Who Had Superior Economic Performance - the Democrats or the Republicans?

by: Jeffrey Frankel

A panel on Supply Side Economics in Washington on September 12, included statistics on the superior performance of the American economy under President Clinton compared to his Republican successor. (The graph to the right, from Ettlinger & Irons, shows the first term of each administration. The growth gap widened subsequently.) Former Treasury Secretary Larry Summers gave some statistics that included Democratic versus Republican presidents throughout the postwar period. (The event was jointly sponsored by the Center for American Progress and the Economic Policy Institute.)

By coincidence, in a column in that day’s Wall Street Journal, Donald Luskins sought to “get something settled once and for all. Have the stock markets and the economy historically done better under Democrats or Republicans?”

Here is what he wanted to straighten us out on:    

Superficially at least, the Democratic claims are true: Since 1948, the Standard & Poor’s 500 total return (capital gains plus dividends) has averaged 15.6% when a Democrat was in the White House and only 11.1% when a Republican was in the White House. You get a similar result if you look at growth in real gross domestic product. Under Democratic presidents, the average since 1948 has been 4.2%. Under Republican presidents it has been only 2.8%.

But then he goes on to argue that Kennedy should really be classified as a Republican (he cut taxes), Nixon as a Democrat (wage-price controls), George H.W. Bush as a Democrat (he raised taxes), and Bill Clinton as a Republican (free trade; and he might have added eliminating the budget deficit, supporting the Fed, reforming welfare, other policies that would normally be thought of as conservative). He argues that if you make these switches in party assignments, then the US stock market and economy has performed better under “Republican” presidents (which, remember, now includes Kennedy and Clinton) than under “Democrats” (which now includes Nixon and the first Bush).

I am still not sure whether the column was meant as a joke. At the risk of finding out that I have been taken in by a prank, I will assume that the author is serious.  Brad de Long  picked this one up right away, and thinks the author is serious. (Luskins, it turns out, is the guy who has apparently devoted much of his adult life to attacking Paul Krugman.)  But Brad didn’t offer any sort of detailed rebuttal. I suppose one could argue “live by ad hominem, die by ad hominem.” But I think blogosphere courtesy, such as it is, calls for a substantive reply. 

My first response is to point out that the Nixon, Bush and Clinton policies he cites are not isolated cases, but appear on a longer list of examples I like to give showing how for the last 40 years, rhetoric notwithstanding, Republican presidents have pursued policies that are surprisingly farther removed from the ideal of good neoclassical economics than have Democratic presidents. This is especially true if one defines neoclassical economics as the textbook version, which allows government intervention for externalities, monopolies, etc. But I would argue that it applies even to the “conservative economics” version that puts priority simply on small government.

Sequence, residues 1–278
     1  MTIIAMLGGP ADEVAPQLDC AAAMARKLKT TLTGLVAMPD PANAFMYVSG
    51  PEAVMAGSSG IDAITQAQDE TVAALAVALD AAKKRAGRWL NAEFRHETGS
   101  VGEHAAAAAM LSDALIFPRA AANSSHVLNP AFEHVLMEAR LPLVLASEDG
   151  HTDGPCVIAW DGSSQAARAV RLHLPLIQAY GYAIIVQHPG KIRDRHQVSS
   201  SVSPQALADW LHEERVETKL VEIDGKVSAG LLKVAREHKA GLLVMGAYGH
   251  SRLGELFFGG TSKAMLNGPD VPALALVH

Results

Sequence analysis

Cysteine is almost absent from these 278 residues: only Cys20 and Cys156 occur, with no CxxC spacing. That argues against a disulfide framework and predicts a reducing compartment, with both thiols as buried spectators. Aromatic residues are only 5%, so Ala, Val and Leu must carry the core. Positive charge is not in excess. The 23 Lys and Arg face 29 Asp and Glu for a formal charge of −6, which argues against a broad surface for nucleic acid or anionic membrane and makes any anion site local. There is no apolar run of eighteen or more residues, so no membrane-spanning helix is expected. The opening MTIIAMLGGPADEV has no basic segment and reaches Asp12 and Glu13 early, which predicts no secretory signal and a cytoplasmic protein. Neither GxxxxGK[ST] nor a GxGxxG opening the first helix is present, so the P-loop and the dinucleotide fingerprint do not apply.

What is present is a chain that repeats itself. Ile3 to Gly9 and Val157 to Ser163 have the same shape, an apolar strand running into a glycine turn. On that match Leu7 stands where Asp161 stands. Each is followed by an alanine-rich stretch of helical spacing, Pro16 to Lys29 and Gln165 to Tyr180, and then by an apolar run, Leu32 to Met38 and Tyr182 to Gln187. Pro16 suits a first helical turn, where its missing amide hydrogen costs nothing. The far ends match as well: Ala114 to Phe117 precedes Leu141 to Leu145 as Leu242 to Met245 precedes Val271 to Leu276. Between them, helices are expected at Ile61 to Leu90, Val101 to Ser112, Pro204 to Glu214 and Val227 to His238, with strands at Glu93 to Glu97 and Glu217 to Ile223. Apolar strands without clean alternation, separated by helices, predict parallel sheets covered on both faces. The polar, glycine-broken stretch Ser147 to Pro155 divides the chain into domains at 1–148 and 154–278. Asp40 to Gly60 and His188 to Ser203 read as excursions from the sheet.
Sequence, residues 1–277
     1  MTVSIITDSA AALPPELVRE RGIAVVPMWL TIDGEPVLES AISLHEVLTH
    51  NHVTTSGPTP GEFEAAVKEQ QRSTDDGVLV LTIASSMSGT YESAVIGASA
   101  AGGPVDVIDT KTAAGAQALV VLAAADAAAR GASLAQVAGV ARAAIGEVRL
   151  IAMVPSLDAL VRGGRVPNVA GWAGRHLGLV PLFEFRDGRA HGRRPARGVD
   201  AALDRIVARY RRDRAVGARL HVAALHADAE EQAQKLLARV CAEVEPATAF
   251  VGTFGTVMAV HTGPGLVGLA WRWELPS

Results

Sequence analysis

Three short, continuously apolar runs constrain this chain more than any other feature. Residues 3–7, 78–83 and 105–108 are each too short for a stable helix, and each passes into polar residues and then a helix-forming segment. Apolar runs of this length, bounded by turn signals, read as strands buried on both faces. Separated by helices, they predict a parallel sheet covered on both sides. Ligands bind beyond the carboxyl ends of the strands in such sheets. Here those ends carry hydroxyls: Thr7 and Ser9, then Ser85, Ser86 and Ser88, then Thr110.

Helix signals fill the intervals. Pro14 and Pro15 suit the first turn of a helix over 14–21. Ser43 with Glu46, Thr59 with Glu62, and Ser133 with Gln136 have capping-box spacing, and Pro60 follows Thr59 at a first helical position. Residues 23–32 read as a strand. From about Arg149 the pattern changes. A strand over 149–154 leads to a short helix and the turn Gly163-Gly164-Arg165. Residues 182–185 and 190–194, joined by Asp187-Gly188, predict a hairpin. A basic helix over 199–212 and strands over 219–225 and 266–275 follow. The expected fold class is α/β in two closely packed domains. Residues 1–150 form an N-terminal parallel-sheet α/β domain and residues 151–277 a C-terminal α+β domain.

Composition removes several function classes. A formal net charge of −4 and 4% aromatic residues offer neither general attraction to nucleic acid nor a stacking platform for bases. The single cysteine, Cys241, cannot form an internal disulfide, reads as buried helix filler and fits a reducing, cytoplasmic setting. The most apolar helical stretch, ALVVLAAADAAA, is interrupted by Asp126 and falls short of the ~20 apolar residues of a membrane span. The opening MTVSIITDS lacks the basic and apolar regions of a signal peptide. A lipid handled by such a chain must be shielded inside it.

The criteria underlying this generalization about Republican presidents are:

  1. Growth in the size of the government, as measured by employment and spending.
  2. Lack of fiscal discipline, as measured by budget deficits.
  3. Lack of commitment to price stability, as measured by pressure on the Fed for easier monetary policy when politically advantageous.
  4. Departures from free trade.
  5. Use of government powers to protect and subsidize favored special interests (such as agriculture and the oil and gas sector, among others).   

I have documented in writings listed elsewhere that Republican presidents have since 1971 indulged in these five departures from “conservatism” to a greater extent than Democratic presidents. The name I would give to this set of departures, as well as to the parallel abuses of executive power in the areas of foreign policy (intervening in Iraq) and domestic policy (intervening in people’s bedrooms), is neither “liberal” nor “conservative” but, rather, “illiberal.”

My second response is to point out that the author is re-defining “Republican” and “Democrat” tautologically to be “good” or “bad.” A definition that departs so far from actual party affiliation does unacceptable linguistic violence. And of course it is circular logic to then find that the economy does better under “Republican” presidents than “Democratic.”

An analogy. Marx and Engels of course professed to have the welfare of the common man as their goal. The Soviet Constitution asserted that the USSR expressed “… the will and interests of the workers, peasants, and intelligentsia.” It claimed to embody democracy, the rights of freedom of speech, freedom of the press, freedom of assembly, freedom of religion, inviolability of the person and home, and the right to privacy.

Needless to say, this was all pure rhetoric, which was continuously and comprehensively violated by the actual operations of the Soviet state. But by Luskins’ logic, the Western democratic system, which did put these ideals into practice should be re-classified as communist, and the superior performance of the Western system should be chalked up as going to the credit of communism! It makes no more sense to credit the achievements of Bill Clinton to the Republicans than it would to credit the achievements of Western democracy to the Communists.

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